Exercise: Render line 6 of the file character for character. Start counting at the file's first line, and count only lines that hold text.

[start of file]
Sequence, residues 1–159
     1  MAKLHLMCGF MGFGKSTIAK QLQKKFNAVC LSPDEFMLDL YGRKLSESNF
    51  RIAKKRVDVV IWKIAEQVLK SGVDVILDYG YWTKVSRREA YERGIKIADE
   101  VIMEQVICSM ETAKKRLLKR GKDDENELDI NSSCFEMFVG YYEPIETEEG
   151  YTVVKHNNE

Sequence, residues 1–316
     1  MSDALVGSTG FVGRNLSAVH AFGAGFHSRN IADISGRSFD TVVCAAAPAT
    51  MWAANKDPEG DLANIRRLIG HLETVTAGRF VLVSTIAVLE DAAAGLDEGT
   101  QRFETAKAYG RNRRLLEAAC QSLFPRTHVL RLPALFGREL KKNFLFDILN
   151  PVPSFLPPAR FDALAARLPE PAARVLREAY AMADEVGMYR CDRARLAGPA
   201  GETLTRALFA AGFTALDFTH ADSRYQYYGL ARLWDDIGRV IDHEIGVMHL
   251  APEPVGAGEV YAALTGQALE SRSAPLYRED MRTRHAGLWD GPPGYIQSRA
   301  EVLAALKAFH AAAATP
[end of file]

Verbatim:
Sequence, residues 1–316